Our pint-sized beer drinkers

If primary school children are arriving at their desks with hangovers, who’s to blame? Lackadaisical parents? Video nasties? No, teachers with no idea of how to have fun

Alcohol is not only good for the heart, it also aids mental stability. This news will further divide the medical profession.

Researchers in America have discovered an abnormally high incidence of depression among Jewish men compared with their gentile counterparts. Jews, it is well known, are abstemious people. Ergo, it is the lack of booze that renders them suicidal. So say the researchers. I’m not so sure.

It seems to me that drink has been randomly dragged into this equation. One might as well argue that Jewish men are depressed because they have Jewish mothers.

Even so, one should be grateful for any small encouragement to continue a lifelong flirtation with the bottle. The British Medical Association, however, is bound to be confused. How many units a week are required to induce an appropriate measure of mental tranquillity? Is that figure consistent with the quantity required to maintain a free-flowing pulmonary artery?

These are indeed difficult waters. For as drinkers will testify, it is often hard to determine the marginal unit that marks the divide between profound mental contentment and falling over.

In any case, the BMA might as well save its breath to cool its porridge. A survey by the Professional Association of Teachers shows that although school children “know tobacco and alcohol can be health risks”, they still indulge, some as young as eleven. Staff in ten per cent of primary schools and 70 per cent of secondaries reported problems with pupils arriving with hangovers.

Who can blame them? Huddled together for hours on end in small “child-centred” groups under the supposed guidance of a half-educated adult scruff with a grievance, the children of today must feel they deserve a few swift ones after hours, if for no other reason than to maintain their mental stability.

The Professional Teachers (a wonderfully oxymoronic title) propose a solution to the problem of child drinkers and smokers that is as predictable as it is foolish. They want ads for tobacco and alcoholic drinks to be banned within half a mile radius of all schools.

As if that would make a jot of difference, other than deprive advertisers of the legal freedom to promote their products. Anyone but a teacher knows that children experiment with substances through what the sociologists call peer pressure. No one advertises glue sniffing, but it still goes on.

How depressing to think that the education of children is in the hands of people whose horizons and understanding are confined by the dull orthodoxies of the polytechnic common room. Show them a social ill and they’ll show you a familiar litany running from Thatcherite greed to soulless capitalism.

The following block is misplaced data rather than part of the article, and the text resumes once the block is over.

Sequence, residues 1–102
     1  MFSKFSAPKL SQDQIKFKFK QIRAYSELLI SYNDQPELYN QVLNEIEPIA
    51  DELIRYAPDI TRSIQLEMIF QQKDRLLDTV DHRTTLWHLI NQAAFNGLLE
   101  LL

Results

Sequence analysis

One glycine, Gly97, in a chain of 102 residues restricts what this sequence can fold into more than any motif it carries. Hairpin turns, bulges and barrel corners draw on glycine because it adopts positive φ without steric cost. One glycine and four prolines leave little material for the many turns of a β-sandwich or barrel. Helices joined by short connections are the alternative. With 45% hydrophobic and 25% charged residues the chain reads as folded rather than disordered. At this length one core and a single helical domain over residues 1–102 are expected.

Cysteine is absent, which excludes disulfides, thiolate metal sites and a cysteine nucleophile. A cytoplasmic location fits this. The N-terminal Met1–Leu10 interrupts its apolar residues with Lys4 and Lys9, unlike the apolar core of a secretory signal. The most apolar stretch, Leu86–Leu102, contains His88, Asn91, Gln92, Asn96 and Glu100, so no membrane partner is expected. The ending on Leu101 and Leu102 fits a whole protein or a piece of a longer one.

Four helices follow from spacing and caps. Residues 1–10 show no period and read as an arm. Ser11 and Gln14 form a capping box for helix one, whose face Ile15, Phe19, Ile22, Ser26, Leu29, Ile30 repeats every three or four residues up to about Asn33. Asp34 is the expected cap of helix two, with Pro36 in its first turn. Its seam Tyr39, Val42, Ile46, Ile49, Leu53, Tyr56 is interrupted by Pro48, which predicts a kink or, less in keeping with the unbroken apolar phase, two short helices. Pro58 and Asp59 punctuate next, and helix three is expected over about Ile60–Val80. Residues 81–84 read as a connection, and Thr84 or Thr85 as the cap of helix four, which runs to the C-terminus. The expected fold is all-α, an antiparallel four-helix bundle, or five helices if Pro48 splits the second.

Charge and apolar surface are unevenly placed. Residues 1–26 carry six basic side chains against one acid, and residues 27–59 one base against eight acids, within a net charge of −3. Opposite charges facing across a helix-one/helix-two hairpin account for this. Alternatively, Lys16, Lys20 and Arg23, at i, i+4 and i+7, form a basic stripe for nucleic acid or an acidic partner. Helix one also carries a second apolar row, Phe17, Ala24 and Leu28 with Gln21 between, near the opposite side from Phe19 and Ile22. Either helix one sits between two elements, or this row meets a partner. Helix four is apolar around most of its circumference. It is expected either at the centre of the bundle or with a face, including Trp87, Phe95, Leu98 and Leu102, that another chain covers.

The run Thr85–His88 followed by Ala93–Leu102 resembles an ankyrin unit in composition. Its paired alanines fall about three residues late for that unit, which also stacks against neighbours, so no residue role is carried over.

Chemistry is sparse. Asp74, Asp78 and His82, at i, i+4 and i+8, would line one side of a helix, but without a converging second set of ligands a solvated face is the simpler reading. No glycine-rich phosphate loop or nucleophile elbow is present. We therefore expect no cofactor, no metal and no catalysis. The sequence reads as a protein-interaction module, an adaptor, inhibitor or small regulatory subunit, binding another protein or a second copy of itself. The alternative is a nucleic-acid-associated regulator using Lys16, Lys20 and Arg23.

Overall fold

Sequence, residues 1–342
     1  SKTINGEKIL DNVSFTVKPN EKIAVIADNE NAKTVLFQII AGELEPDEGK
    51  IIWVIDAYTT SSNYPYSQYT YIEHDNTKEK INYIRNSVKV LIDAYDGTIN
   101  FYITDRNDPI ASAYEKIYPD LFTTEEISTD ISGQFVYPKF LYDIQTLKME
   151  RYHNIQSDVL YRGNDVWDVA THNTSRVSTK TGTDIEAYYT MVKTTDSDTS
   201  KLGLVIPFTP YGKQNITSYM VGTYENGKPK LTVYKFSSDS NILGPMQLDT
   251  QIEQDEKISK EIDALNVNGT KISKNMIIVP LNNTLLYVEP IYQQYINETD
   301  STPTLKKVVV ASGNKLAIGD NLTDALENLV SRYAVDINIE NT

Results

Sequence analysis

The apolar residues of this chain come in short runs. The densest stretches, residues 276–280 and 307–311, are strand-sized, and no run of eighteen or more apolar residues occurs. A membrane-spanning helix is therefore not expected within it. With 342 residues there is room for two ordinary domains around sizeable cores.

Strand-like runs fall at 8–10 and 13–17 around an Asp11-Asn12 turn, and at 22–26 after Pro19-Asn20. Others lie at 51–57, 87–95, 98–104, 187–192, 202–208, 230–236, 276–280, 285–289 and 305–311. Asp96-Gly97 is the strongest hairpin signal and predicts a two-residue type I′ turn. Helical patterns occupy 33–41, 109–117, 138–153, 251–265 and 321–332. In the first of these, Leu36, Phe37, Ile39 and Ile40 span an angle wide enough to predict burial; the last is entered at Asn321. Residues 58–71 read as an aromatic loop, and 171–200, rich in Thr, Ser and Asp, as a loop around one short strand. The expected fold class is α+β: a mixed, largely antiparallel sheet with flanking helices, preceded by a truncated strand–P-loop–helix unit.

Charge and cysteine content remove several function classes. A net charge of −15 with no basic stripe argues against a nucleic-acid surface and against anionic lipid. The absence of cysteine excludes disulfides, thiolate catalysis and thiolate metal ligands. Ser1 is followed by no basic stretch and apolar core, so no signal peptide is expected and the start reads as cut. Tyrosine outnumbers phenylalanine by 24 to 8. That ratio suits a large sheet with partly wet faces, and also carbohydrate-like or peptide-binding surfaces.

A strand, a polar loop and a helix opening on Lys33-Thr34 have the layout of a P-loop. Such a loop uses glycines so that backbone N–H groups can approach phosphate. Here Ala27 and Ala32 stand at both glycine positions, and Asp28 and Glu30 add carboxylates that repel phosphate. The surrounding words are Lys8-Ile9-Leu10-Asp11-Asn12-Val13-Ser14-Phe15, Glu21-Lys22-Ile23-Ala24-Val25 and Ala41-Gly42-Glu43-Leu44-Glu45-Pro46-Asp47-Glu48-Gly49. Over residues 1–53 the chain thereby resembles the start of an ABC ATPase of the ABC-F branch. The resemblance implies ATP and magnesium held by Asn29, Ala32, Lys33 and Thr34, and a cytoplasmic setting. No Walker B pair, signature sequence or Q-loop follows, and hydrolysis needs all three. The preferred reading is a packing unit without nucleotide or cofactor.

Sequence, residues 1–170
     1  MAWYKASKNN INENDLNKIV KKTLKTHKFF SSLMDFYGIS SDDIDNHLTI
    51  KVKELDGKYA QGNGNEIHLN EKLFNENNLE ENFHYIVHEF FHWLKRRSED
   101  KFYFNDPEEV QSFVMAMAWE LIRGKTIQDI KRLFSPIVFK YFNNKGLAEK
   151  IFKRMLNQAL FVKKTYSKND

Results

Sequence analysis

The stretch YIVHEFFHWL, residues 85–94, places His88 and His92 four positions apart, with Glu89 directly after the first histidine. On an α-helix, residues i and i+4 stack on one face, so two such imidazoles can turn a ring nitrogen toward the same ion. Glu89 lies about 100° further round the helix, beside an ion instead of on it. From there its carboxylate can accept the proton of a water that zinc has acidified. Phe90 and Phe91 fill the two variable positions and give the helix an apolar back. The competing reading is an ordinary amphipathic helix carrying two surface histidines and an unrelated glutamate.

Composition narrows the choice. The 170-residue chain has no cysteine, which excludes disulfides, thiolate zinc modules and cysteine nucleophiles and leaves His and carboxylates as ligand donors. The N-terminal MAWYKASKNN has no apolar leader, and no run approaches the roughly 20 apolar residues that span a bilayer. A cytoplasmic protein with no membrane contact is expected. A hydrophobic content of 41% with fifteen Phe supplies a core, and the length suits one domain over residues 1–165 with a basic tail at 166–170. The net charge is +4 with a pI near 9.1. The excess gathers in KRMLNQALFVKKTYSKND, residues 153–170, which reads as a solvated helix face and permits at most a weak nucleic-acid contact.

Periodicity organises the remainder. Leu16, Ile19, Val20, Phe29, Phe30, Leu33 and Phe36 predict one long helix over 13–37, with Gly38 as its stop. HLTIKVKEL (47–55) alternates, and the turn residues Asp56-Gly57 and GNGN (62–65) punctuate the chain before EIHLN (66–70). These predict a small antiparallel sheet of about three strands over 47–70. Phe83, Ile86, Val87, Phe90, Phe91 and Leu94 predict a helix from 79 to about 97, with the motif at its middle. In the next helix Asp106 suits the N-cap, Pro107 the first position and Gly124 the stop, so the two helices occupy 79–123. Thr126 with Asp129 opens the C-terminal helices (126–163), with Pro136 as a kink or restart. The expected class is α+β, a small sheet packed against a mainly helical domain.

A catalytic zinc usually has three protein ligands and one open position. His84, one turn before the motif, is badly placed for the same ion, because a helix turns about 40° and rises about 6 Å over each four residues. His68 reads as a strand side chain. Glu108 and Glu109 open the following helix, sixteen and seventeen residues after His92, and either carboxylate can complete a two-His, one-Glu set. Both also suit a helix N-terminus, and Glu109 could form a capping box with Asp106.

Dr Anthony Malcolm, a hospital consultant, is surely nearer the mark when he attributes alcohol and drug abuse in young children to two factors: first, children are maturing physically at a younger age than ever before, and secondly, parental neglect “all too often because proper care would interfere with their [the parents’] trifling pleasures”.

Parental neglect, too, allows very young children to watch junk videos whose principal content is sex, violence and, of course, violent sex. Here again, experts are as divided as to the effect of such images on the infant mind as the doctors are on the beneficial effects of alcohol. Some, notably Michael Winner, insist that film is fantasy, people see it as such, and no harm is done. Others, such as the late President Nixon, ask why, if great art can elevate the human spirit, cannot pornography in all its forms drag it down.

Well, I have some important new evidence showing conclusively that film can indeed deprave and corrupt, and not only the young. Few people can have been more exposed to what the cinema has to offer than Alexander Walker, film critic of the London Evening Standard. Over a long career, he must have seen many thousands of hours of the gory, brutal, rape-filled rubbish that Hollywood emits from the smokestacks of its dream factories. And he has always eloquently spoken in defence of the excesses of self-expression that he daily witnesses.

Sadly, these repeated assaults on his sensibilities have not left him unaffected. He has become coarse and brutalised and, frankly, barmy. Writing in the Sunday Telegraph recently, he said: “Nowadays I strike back at people who refuse to stop smoking over me while I am eating. I have spat in their plates of food when it is their turn to eat.”

Sadly, in his afflicted state, he is the victim of a morbid obsession that cries out for clinical help. He confesses that the message on his answering machine at home says to all callers “Smoking is the slow way to suicide”.

Is this not the measure of an enfeebled brain? Every caller to Mr Walker’s home, regardless of his purpose in calling and heedless of his personal habits, which are in any case immaterial, is regaled with a sonorous homily on the evil of tobacco.

Who can say at what point in his career Mr Walker succumbed? Was it the millionth violent shooting, the thousandth sexual assault, or the umpteenth dismembered corpse that drove him to distraction? We shall never know. What is plain is that it is unwise to sit near him in a restaurant. At this stage in his decline it is smoking that prompts him to expectorate into others’ plates. But we know he persists in the habit that is his unhinging, and his condition is sure to deteriorate further.

Who can say that a chance remark from an adjoining table about, say, the pioneering techniques of Sergei Eisenstein, or the fast-moving creativity of Franco Zeffirelli, might not result in a well-directed gobbet into the speaker’s mangetout?